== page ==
Problems could include a government shutdown, fiscal inertia by Congress, an accelerated drop in China's growth, a monetary policy mistake or an unknown "Black Swan" like the current Volkswagen scandal.
Any of those could contribute to weaker markets that fall below -- maybe well below -- my baseline expectations.
That's why I'm currently positioned in market-neutral territory. I simply have too much respect for the money I've earned for my investors to take on too much risk in such an uncertain climate.
With that in mind, here are my current expectations for the market:
- I don't expect 2016 to be a positive year for stocks. The main indices won't likely eclipse the major top they established in 2015's first half any time in 2016.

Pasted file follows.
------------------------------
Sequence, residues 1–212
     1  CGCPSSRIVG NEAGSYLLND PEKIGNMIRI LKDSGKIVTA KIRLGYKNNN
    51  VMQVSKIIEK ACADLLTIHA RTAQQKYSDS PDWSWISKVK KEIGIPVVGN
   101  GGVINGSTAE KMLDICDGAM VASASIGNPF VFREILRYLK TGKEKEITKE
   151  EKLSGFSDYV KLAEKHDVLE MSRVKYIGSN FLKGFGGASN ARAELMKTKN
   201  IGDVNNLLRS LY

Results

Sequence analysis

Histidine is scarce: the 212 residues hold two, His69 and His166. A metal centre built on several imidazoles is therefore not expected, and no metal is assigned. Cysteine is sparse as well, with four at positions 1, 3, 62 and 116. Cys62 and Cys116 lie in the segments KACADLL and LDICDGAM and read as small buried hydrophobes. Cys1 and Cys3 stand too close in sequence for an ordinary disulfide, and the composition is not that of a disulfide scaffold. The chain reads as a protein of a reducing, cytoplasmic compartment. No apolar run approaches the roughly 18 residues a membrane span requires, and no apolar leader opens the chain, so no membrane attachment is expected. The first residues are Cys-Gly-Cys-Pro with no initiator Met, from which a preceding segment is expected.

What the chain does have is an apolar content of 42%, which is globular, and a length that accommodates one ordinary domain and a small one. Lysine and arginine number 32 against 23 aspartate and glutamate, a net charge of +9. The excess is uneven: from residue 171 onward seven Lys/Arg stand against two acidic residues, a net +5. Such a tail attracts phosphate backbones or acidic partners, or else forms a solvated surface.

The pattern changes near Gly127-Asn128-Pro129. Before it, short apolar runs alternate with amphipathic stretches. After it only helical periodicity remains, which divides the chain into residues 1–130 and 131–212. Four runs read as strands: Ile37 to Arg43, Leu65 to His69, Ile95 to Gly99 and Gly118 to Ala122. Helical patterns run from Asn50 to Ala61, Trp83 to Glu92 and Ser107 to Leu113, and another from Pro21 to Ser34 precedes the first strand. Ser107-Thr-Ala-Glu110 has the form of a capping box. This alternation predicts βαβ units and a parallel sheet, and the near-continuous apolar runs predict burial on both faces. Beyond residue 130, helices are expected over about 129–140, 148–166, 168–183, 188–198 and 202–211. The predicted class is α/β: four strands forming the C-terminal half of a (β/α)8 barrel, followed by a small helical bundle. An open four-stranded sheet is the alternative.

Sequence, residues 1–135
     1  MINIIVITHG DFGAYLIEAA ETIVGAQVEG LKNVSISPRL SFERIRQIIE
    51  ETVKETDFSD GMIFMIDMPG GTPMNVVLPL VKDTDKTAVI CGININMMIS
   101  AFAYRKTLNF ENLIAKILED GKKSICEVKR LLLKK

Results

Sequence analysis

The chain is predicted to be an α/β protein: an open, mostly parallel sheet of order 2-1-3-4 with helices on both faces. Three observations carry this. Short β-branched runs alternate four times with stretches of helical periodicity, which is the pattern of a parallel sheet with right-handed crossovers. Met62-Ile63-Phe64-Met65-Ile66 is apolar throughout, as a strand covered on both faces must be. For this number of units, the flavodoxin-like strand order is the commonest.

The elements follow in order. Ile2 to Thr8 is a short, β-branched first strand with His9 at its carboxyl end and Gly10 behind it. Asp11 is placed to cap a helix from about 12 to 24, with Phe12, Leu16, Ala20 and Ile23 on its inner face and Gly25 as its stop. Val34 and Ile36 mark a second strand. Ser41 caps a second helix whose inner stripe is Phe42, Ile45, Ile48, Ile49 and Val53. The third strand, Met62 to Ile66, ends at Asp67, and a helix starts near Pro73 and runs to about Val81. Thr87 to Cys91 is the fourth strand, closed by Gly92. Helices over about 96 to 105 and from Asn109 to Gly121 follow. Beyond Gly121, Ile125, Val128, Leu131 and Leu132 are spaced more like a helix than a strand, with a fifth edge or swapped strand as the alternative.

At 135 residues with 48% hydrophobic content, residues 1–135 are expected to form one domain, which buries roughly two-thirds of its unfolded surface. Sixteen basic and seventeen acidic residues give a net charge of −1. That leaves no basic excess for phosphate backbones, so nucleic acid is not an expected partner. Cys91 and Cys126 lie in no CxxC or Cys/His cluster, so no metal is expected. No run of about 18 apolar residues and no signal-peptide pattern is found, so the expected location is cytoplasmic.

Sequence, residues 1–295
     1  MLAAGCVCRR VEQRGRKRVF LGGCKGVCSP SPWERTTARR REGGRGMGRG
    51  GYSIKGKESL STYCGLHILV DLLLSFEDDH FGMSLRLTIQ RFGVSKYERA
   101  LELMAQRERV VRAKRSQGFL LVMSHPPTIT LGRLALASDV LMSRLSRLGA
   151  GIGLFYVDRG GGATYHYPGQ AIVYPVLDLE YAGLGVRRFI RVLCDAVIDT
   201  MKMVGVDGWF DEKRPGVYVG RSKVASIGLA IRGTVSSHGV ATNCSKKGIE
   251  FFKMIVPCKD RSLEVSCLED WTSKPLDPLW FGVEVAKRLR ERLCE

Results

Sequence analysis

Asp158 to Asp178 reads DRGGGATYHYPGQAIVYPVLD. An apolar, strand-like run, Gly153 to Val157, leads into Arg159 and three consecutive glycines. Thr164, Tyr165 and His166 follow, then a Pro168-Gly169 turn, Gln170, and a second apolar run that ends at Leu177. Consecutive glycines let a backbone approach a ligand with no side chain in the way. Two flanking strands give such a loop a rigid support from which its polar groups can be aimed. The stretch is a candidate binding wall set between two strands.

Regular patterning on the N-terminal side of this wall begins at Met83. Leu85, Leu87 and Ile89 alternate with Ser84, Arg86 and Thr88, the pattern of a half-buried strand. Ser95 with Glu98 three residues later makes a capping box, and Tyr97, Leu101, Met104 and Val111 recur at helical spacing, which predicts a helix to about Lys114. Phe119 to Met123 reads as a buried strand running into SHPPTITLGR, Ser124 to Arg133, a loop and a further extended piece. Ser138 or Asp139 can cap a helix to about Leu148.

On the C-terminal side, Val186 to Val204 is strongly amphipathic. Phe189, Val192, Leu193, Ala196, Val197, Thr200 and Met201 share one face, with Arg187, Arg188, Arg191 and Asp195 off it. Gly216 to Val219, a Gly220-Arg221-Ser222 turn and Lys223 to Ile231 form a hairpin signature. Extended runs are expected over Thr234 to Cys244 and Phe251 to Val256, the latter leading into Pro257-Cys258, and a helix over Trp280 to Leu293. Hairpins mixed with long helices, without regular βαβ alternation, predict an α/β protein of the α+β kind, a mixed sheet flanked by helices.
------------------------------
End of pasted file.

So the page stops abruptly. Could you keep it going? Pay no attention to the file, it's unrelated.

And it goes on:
- The S&P 500 (SPY) has likely successfully tested the capitulation low of about 1875 reached in late August, when the index hit four standard deviations below its moving average. That bottom produced new 52-week lows in 1,335 individual stocks -- the greatest since 2008. (New highs only averaged about five per day last week.) While this test has been successful, several additional tests seem possible over the next few months.
- The market has been reset lower as reality set in. After some more testing, I expect the S&P 500 to spend the next six months or so in a broad range of 1850 and 2025.
- Unless fundamentals change, there's an equal upside reward and downside risk at current market levels.
- I estimate the S&P 500's full-year return will come in at a high-single-digit decline (between a 5% and 10% loss). That's in line with my beginning-of-the-year expectations.
- The contrarian view would more likely be a leg lower than a leg higher.